Prof Dr Matthias Blüher and Prof Dr Michael Stumvoll are the leads of the Integrated Research and Treatment Center (IFB) for Adiposity Diseases, which is a COM for children, adolescents and adults based in the Leipzig University Medical Center in Germany. The specialist, multidisciplinary team working in this COM is made up of 12 physicians (endocrinologists, surgeons); 15 dieticians; and 6 psychologists.
It is great to learn about the activities of this COM. Please describe the education and training activities that your COM provides.
Our COM delivers curricular lectures about obesity and obesity treatment. These lectures are delivered across different degree courses and topics, spanning medicine, medicine for bioinformatics students, and internal medicine for dental students. At Leipzig University, there is also a compulsory elective subject course as an integral part of the medical course, called “Nutritional Medicine” which our COM is involved in. Staff in our COM also support and supervise PhD students in medicine and nutritional science working on their doctoral thesis, as well as students of nutritional science working on their master’s dissertation.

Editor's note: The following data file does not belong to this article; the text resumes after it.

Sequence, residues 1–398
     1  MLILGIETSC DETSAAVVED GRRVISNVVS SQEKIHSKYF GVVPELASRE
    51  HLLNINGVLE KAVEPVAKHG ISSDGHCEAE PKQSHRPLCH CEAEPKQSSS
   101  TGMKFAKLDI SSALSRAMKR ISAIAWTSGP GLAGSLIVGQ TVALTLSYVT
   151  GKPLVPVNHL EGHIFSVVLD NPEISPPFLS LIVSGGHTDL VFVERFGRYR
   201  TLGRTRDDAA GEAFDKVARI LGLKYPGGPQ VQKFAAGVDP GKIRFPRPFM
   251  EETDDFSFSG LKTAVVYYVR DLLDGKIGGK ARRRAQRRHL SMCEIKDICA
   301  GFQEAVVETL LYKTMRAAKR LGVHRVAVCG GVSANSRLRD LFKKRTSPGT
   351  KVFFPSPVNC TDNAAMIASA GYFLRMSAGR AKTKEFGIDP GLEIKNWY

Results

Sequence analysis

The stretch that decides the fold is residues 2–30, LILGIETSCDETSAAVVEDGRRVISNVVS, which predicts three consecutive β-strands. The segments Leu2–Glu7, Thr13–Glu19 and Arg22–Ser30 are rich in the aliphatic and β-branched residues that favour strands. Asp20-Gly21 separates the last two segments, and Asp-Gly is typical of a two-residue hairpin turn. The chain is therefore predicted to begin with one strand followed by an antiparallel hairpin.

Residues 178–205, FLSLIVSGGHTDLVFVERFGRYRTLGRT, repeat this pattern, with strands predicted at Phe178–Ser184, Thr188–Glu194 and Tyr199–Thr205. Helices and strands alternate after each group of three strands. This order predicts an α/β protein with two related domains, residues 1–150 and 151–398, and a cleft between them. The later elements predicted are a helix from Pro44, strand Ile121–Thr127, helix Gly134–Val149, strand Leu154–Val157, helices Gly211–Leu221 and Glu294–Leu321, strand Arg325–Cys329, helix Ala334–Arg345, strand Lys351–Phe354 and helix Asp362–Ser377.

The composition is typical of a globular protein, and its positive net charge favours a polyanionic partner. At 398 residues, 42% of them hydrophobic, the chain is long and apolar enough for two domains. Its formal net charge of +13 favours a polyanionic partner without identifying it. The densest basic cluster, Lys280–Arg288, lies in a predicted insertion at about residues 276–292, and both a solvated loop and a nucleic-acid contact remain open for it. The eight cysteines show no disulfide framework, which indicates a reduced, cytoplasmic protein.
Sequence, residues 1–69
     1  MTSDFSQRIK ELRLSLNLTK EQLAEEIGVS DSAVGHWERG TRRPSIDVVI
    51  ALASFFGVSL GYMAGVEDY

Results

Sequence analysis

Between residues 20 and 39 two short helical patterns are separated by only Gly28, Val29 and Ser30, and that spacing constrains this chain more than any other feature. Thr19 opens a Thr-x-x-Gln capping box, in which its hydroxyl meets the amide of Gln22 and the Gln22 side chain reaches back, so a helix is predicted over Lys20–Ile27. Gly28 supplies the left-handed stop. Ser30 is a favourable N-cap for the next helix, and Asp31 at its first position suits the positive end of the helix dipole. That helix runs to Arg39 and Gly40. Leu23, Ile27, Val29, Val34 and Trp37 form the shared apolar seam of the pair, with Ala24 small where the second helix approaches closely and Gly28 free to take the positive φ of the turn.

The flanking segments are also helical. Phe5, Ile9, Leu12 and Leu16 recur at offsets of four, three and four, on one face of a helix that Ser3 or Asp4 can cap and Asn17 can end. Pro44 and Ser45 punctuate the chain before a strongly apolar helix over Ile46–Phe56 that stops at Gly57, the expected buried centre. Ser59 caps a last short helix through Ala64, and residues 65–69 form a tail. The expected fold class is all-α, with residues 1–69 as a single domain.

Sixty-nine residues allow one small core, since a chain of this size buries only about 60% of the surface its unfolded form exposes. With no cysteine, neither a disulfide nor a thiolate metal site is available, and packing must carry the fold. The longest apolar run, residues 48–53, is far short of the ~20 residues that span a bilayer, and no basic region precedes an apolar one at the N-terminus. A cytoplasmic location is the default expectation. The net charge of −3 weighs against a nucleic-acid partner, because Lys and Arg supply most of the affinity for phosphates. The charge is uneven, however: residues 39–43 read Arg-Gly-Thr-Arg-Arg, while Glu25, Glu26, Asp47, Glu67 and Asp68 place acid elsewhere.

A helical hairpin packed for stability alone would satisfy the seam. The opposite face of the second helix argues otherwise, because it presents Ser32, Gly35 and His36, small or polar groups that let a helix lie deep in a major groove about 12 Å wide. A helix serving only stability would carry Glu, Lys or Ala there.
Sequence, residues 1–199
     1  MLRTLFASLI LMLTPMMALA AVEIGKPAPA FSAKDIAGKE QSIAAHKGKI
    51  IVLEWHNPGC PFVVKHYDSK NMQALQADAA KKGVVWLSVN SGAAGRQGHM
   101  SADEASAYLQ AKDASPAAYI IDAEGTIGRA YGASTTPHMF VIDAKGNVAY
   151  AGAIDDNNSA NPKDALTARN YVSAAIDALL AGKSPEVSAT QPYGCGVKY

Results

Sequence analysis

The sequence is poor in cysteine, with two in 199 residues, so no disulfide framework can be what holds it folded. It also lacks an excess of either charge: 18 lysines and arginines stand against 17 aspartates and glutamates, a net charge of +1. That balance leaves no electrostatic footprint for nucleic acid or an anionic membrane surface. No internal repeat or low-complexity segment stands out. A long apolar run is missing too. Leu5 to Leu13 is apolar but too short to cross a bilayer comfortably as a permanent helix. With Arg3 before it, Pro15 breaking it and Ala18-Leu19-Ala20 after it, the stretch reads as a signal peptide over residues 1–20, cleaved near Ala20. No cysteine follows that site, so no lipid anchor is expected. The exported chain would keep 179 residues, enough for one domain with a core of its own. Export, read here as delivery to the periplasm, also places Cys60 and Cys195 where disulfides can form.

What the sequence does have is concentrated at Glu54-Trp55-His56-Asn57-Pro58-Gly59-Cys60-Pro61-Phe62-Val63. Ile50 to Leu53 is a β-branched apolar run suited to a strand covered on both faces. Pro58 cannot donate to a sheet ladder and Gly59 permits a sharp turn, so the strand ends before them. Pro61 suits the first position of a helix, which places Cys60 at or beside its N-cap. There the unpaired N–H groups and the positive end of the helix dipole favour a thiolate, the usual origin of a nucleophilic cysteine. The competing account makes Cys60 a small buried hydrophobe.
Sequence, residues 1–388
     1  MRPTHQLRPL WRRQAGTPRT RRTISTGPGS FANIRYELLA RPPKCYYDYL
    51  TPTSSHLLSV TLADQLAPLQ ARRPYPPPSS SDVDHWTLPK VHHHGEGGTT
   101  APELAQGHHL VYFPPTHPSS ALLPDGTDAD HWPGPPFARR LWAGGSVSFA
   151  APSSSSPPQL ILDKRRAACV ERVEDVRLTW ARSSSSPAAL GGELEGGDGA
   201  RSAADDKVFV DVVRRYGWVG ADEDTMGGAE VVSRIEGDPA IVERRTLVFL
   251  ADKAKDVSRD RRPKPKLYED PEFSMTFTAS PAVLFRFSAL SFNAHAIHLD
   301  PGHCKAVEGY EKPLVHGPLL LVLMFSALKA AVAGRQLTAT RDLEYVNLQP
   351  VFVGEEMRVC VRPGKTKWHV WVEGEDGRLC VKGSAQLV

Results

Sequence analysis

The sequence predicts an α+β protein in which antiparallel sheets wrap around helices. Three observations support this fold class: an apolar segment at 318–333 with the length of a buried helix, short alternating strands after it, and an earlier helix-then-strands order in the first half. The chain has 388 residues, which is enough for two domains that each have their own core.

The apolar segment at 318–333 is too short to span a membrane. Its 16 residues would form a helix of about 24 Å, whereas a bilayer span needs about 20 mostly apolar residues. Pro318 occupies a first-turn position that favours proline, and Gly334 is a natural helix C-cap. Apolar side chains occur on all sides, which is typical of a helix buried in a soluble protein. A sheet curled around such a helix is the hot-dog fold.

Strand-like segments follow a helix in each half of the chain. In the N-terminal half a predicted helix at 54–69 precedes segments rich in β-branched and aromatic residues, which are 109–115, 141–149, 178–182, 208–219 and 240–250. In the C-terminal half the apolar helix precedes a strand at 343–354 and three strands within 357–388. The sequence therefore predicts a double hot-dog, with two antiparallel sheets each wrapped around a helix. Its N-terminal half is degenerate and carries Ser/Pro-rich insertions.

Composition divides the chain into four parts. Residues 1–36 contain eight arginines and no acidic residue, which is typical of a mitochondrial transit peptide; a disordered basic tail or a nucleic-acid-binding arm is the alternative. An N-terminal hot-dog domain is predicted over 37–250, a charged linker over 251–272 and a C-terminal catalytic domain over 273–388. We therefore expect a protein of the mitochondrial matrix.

It would be great to hear more about patient care and experience in your COM. Please could you describe your COM’s patient care philosophy and approach? How does your COM measure patient satisfaction and outcomes?
The disease of obesity is very complex. That is why we want to offer a therapeutic approach with individualised therapy, which can include behavioural and/or surgical treatment options. In terms of measuring patient satisfaction and outcomes, there is a standardized quality management system for all patients at the University Hospital, which helps take into account patient opinions and feedback. Patients with obesity are also invited to voluntarily complete feedback surveys at regular intervals about their satisfaction with the treatment program. We are still gathering and processing this feedback using these questionnaires, but we look forward to seeing the results.
Please share a recent clinical case, describe relevant challenges and how your team addressed and/or solved them in your COM.